Chemical Waste FAQs

How do I dispose of Ethidium Bromide?

The disposal protocol for disposing of Ethidium bromide can be found here.

How do I dispose of batteries?

If they are alkaline then they can go in the regular trash. If they are less than 2 pounds, they can be placed in any of the recycling bins we have on campus. If they are over two pounds they must be submitted as chemical waste.

What kind of container can I use to put my waste in?

The chemical waste must be compatible with its container. The container must be securely closed so that it does not leak. Para film, foil, and tape are not allowed.

What do we do with an empty bottle that once had a chemical in it?

Once outer labels are defaced, empty bottles can be triple rinsed and thrown into the regular trash or labs may reuse containers for collecting waste, making sure contents are compatible with said container. KEEP IN MIND – Duke Recycling does not accept lab glassware.

What if I have several small bottles of the same chemical waste. Do I have to put a barcode on every one?

If you are able to put all the the small bottles in a box that you can tape closed or a ziploc bag that closes, then you will only have to use 1 barcode. However, the bottles must be exactly the same chemical.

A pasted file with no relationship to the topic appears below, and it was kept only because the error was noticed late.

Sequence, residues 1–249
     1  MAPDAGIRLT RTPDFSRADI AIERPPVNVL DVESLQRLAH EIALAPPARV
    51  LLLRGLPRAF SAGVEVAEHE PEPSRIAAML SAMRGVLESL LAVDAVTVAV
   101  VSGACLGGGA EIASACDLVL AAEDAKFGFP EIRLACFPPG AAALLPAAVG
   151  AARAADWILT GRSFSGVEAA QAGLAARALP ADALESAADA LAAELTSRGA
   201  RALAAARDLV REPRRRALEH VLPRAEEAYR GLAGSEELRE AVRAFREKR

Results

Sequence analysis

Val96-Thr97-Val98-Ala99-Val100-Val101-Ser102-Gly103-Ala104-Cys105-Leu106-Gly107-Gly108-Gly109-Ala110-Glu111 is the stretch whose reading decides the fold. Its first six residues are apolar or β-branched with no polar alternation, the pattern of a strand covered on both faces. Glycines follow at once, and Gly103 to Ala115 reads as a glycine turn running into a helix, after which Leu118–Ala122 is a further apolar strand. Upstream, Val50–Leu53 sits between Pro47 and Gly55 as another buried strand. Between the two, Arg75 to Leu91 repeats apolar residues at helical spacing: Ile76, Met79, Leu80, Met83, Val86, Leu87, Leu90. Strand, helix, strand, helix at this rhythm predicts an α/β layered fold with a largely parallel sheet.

What is the difference between the waste accumulation labels and the small container labels?

The larger waste accumulation labels have a place for you to write in the "open date" and "fill date." They are used for larger containers that you add small amounts of liquids until it becomes full. The small container labels are for waste containers that already full. You can order these labels through the Waste Pickup Request System.

What is secondary containment?

Areas where waste chemicals are accumulated must have secondary containment sufficient to collect incidental spills that might occur when adding waste. The containment must be compatible with the waste being stored and not leak.

What are the guidelines for using the 5 gallon red solvent cans?

  1. The cans are intended for solvent-type wastes. Acidic or caustic materials cannot be placed in the cans. If the mixture contains acidic or basic materials, the entire solution must have a pH between 5 and 9 before it is placed into the solvent can.
  2. The liquid level must not be visible above the bottom of the flash arrestor (the perforated steel basket in the mouth of the can). The flash arrestor is not a strainer. All solids must be removed from wastes before addition to the can.
  3. Solvent cans are to be kept closed when not actively adding or removing waste from them. All of the cans are equipped with stay-open lids, but lids should only be locked open when adding or removing wastes.
  4. Please use the proper can for the solvents you are using. For example, halogenated cans (i.e. chloroform) are marked with a green and white “HALOGENATED” label and non-Halogenated cans (i.e. ethanol) are marked with a yellow and black “NON-HALOGENATED” label.
  5. Each can must be marked with an waste accumulation label detailing the contents of the can (waste “chemical name”). Also, the cans must have an “open date” and a “fill date” listed on the label. The “open date” is the earliest date that waste is placed into the can whereas the “fill date” is the date when the container has been filled and will no longer be used to accumulate waste.
  6. Please barcode and submit the waste through the on-line Waste Pickup Request System.